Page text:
Every since graduating from art school, I’ve always wondered about the daily lives and financial realities of my creative peers. How do they make a living? If not from making their art, how do they make it work? Artist Sharon Louden has a new book that hopes to answer some of these questions.
Louden is the editor of Living and Sustaining a Creative Life: 40 Essays By Working Artists. For the book, Sharon asked forty artists to share straightforward accounts of how they get by in the art world. Each essay highlights a unique career path and a different definition of success, yet certain topics pop up again and again. We read about the challenge of balancing studio time with childcare, the risks and rewards of working with commercial galleries, and the need to supplement art sales with other forms of income, whether it’s by teaching, art handling or applying for grants.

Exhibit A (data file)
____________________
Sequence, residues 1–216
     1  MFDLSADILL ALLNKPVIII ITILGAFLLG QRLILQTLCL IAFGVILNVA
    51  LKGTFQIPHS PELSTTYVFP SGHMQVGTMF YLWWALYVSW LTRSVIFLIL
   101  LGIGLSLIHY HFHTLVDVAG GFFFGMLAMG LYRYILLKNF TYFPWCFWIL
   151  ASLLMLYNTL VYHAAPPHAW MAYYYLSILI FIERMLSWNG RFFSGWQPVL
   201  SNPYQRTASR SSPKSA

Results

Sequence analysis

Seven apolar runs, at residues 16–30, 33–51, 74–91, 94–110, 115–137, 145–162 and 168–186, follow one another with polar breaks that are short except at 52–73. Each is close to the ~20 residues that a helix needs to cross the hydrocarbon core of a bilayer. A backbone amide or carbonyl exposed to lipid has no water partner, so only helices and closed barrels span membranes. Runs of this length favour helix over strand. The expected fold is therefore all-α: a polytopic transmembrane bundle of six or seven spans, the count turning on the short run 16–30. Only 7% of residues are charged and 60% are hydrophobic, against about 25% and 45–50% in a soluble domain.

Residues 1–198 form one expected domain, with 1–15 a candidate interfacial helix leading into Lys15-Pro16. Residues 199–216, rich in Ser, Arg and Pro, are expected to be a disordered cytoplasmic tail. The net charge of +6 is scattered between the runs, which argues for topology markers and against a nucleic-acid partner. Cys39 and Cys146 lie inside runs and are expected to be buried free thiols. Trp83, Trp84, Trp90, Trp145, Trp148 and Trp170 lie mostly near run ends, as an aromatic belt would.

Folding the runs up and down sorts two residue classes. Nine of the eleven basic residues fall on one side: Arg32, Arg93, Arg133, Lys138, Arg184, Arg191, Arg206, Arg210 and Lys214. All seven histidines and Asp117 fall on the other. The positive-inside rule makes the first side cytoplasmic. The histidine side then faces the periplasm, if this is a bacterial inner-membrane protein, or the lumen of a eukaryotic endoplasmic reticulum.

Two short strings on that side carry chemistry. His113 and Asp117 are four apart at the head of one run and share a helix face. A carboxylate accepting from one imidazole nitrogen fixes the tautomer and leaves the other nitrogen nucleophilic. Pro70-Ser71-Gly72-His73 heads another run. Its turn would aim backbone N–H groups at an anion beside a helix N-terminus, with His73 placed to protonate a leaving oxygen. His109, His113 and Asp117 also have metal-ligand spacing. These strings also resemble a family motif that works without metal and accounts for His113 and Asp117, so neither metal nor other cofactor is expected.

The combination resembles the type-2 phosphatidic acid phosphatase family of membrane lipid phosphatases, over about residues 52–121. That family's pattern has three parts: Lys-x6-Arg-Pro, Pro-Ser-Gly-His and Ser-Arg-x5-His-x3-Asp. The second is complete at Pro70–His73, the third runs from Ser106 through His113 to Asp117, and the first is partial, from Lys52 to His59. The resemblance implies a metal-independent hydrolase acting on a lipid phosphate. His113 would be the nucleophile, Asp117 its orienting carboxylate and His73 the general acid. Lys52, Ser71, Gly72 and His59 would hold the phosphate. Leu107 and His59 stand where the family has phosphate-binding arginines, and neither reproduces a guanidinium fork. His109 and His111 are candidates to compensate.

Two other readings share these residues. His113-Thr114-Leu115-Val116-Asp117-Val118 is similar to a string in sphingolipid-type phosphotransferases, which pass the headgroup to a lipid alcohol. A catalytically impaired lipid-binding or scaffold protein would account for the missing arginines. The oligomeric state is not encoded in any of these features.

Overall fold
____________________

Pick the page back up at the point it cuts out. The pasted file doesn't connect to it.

While the book includes essays by fine artists, their experiences are likely to resonate with people in a range of careers. Young artists will find inspiration and new ideas for how to carve out a creative existence. Non-artists may be surprised to discover that, in many ways, being a working artist also means learning how to run a small business.
Sharon Louden is an artist and a lecturer on professional practice at the New York Academy of Art. In December 2013 I spoke to Louden at her home in Bay Ridge, Brooklyn.
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